Classes in Ruby are first-class objects—each is an instance of class
Class. When a new class is created (typically using
class Name ... end), an object of type
Class is created and assigned to a global constant (
Name in this case). When
Name.new is called to create a new object, the
new method in
Class is run by default. This can be demonstrated by overriding
class Class alias oldNew new def new(*args) print "Creating a new ", self.name, "\n" oldNew(*args) end end class Name end n = Name.new
Creating a new Name
class Top def Top.inherited(sub) print "New subclass: ", sub, "\n" end end class Middle < Top end class Bottom < Middle end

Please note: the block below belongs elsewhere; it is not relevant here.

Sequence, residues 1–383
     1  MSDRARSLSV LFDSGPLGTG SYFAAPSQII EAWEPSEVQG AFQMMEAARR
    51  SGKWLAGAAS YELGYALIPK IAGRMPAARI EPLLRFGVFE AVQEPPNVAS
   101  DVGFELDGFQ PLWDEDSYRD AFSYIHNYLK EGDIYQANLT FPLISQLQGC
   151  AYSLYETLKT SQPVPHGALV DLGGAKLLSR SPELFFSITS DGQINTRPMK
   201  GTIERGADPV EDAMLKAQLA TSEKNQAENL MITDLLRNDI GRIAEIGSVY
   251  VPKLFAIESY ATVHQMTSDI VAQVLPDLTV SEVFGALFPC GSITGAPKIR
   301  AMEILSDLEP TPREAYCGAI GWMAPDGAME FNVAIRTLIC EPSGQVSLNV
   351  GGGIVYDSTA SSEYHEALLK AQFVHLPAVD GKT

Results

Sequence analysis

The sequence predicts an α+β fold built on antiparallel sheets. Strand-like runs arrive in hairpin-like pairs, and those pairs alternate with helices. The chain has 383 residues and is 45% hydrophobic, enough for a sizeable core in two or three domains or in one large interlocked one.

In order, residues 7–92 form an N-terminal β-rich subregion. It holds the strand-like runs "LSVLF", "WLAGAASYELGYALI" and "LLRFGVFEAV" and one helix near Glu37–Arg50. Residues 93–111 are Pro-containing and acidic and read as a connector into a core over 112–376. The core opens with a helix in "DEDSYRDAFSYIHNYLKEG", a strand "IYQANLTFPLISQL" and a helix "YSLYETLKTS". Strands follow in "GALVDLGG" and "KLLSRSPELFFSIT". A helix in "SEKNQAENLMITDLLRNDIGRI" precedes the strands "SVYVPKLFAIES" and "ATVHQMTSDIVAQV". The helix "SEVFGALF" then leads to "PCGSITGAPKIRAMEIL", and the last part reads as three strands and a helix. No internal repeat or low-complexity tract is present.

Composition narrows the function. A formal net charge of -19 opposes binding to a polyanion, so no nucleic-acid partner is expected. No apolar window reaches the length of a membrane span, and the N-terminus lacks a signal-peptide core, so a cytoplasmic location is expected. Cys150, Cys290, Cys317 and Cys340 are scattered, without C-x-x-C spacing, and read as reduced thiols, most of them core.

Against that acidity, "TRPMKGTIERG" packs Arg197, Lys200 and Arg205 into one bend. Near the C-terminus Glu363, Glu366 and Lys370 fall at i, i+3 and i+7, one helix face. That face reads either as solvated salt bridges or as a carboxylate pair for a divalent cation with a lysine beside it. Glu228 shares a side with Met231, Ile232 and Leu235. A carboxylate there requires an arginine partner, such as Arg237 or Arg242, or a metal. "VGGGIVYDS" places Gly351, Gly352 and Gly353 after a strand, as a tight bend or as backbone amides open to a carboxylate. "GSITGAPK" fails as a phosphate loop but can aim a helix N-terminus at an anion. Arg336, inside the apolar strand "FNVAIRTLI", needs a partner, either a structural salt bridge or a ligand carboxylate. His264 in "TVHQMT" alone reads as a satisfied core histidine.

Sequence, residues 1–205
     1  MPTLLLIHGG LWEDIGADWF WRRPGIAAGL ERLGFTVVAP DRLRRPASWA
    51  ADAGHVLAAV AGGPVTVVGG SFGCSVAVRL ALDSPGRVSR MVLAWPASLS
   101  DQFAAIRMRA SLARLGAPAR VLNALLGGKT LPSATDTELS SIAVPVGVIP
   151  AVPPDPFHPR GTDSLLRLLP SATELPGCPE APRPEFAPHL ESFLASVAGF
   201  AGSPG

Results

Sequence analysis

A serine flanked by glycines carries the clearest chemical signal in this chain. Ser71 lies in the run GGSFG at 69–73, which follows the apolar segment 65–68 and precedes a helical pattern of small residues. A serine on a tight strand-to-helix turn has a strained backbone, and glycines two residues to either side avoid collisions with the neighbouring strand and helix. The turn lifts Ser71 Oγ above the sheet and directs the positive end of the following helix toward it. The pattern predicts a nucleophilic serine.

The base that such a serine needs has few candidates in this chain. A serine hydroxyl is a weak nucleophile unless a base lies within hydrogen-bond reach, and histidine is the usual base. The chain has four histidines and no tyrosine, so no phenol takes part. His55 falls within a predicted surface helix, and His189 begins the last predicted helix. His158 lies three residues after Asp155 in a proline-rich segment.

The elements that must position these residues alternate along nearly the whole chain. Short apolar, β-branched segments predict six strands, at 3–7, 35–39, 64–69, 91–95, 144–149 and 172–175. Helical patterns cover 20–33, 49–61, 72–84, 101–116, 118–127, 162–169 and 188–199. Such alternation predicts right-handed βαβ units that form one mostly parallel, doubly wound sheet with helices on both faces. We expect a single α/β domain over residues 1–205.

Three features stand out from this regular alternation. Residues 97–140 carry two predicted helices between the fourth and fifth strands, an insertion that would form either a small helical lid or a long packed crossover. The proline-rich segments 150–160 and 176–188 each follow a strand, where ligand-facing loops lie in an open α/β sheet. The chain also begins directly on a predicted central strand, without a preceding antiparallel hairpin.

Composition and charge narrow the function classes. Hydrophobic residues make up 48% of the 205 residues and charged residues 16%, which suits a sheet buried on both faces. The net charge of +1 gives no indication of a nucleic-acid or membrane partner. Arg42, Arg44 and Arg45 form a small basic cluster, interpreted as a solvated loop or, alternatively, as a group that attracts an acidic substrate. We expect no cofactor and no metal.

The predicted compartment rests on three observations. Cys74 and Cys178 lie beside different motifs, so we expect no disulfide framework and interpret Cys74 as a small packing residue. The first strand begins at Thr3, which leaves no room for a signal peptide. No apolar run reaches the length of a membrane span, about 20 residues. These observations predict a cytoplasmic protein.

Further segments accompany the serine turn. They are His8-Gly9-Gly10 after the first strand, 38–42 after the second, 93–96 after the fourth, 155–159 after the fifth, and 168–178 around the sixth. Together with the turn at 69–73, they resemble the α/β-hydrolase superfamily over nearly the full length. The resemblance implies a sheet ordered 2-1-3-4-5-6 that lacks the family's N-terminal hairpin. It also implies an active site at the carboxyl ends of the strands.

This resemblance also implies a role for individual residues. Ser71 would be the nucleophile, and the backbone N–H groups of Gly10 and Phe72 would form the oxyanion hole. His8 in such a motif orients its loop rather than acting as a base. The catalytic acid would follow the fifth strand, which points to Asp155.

New subclass: Middle New subclass: Bottom
Object) → aClass
Objectif no parameter is given).
initializemethod, passing it args.
Class.superclass → Module Object.superclass → nil
Extracted from the book "Programming Ruby - The Pragmatic Programmer's Guide"
Copyright © 2001 by Addison Wesley Longman, Inc. This material may be distributed only subject to the terms and conditions set forth in the Open Publication License, v1.0 or later (the latest version is presently available at http://www.opencontent.org/openpub/).
Distribution of substantively modified versions of this document is prohibited without the explicit permission of the copyright holder.
Distribution of the work or derivative of the work in any standard (paper) book form is prohibited unless prior permission is obtained from the copyright holder.